Rhonda Sargent Chambers, Toni Munoz Hunt, Nancy Kerrigan and Melissa Rountree

In the crowd of supporters were Kim Bannister, Holly Davis, Pamela Graham, Carlotta Lennox, mom-to-be Jenny Anchondo, Ellen Winspear, Lisa Cooley with daughter Ciara Cooley and daughter-in-law-to-be Bela Pjetrovic, Tiffany Divis, Lynn McBee and Nancy Gopez.

Nancy Gopez and Tiffany Divis

Carlotta Lennox and Pamela Graham

Lisa Cooley, Jenny Anchondo and Bela Pjetrovic

As The Elisa Project Executive Director Kim Martinez stood on the floor with mic in hand, she called the group to their seats at tables pre-set with salads, desserts, a bowl of bread, a floral arrangement, water and ice tea. More about this setup later.

The printed program set out a plan for just five speakers — Kim, The Elisa Project Board Chair Dr. Stephanie Setliff, Star of Hope Awardee Dr. Andy McGarrahan, LEAD Awardee Ariana Luterman and keynoter Kerrigan. Instead, the program was extended with multiple unscripted speakers.

Following the invocation, Stephanie had Rhonda and Melissa come to the podium to talk about their helping those with eating disorders. They, in turn, thanked Toni, whom they asked to address the group.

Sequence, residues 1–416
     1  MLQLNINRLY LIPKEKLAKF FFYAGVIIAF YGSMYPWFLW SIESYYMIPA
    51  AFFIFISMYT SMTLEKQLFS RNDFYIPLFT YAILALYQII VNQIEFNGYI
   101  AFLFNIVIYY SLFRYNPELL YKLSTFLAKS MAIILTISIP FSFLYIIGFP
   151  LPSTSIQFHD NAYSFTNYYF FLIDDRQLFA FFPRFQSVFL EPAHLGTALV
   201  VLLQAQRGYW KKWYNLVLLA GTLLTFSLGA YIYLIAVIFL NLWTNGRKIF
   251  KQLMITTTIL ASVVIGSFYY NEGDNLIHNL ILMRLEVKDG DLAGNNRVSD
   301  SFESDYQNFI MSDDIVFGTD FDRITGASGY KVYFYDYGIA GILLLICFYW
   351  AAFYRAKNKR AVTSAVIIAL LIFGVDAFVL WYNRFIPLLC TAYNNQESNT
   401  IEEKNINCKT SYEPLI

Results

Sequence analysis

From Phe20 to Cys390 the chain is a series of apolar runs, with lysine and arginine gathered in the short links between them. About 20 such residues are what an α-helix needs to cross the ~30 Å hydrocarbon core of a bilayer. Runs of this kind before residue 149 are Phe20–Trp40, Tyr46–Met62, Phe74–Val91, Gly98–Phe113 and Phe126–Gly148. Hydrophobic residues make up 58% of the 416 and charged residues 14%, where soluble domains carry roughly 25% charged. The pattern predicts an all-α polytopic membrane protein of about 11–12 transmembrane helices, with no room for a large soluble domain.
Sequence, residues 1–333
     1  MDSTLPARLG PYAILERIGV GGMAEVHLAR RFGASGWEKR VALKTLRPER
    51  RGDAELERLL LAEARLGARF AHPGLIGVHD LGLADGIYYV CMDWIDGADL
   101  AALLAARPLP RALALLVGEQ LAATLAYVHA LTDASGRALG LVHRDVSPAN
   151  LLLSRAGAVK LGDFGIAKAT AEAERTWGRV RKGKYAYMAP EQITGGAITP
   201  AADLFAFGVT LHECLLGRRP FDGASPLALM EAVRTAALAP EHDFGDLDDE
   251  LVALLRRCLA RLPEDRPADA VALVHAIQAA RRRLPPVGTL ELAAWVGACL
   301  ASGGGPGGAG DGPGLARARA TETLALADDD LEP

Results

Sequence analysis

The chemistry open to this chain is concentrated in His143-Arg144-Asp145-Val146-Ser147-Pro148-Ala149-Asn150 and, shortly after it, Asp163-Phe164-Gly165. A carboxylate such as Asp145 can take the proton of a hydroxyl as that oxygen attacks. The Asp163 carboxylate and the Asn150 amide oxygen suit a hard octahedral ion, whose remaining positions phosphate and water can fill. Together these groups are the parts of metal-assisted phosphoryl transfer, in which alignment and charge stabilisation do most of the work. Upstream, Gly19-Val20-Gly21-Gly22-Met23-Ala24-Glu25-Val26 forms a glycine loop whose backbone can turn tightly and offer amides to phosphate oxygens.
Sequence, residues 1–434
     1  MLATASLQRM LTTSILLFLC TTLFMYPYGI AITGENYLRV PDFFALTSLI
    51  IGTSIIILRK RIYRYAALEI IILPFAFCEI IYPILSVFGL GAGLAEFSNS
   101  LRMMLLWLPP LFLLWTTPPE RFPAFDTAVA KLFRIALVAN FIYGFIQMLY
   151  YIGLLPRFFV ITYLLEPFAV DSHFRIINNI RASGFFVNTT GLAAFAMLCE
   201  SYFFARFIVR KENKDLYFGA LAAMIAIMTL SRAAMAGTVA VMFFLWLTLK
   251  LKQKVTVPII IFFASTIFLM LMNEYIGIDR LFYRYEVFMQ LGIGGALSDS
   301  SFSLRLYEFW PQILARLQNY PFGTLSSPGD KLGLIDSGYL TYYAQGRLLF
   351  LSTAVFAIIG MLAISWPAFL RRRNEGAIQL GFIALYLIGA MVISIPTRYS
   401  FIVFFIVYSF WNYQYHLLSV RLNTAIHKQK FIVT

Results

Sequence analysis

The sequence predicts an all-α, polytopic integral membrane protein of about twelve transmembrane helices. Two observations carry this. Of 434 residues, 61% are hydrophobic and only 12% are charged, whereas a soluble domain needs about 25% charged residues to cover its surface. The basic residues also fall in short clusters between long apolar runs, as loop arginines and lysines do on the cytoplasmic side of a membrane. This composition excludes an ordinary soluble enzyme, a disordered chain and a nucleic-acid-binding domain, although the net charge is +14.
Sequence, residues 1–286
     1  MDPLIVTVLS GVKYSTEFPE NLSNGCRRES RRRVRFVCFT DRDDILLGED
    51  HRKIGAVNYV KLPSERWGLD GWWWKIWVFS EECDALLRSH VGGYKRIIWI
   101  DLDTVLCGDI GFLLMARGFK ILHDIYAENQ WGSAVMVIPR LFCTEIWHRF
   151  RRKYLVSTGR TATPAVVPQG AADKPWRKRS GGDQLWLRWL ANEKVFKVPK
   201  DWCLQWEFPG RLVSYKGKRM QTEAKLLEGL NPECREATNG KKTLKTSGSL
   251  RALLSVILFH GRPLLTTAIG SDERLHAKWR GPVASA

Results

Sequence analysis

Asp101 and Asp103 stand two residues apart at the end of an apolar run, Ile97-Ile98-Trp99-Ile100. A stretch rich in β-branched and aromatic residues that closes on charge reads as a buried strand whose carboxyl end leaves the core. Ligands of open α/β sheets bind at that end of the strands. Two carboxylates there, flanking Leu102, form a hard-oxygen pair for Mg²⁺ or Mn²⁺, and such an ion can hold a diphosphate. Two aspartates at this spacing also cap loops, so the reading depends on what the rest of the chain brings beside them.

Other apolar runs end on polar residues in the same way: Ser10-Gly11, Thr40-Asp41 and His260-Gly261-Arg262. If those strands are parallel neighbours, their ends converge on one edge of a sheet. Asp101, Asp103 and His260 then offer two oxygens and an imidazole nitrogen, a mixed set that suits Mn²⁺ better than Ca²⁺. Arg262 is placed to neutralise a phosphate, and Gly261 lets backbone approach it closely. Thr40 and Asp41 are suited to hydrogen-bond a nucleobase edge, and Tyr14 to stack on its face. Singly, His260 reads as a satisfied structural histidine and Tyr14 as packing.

It was then announced that the Esteem Fashion Show fundraiser would be held once again at Tootsies in the fall.  When the announcement of the Esteem honorary chair was made, the supposed honorary chair looked stunned. She had already told them she couldn’t do it. Oops.

Stephanie presented the Star of Hope Award to Dr. Andy McGarrahan, who twinned humility with humor in accepting the award.

Stephanie Setliff

Andrew McGarrahan

After Andy’s acceptance, Stephanie announced she was going off-script. Co-Chair Rhonda looked at her timeline and looked a bit baffled. But before she could figure out what was going on, she heard Stephanie tell of Rhonda’s commitment to the organization over the years and asked her to come back to the stage to receive a token of appreciation. Despite being caught off guard, Rhonda thanked her mom and dad (“Perhaps you should have worn a tie”), her husband and family, and told how much The Elisa Project meant to her.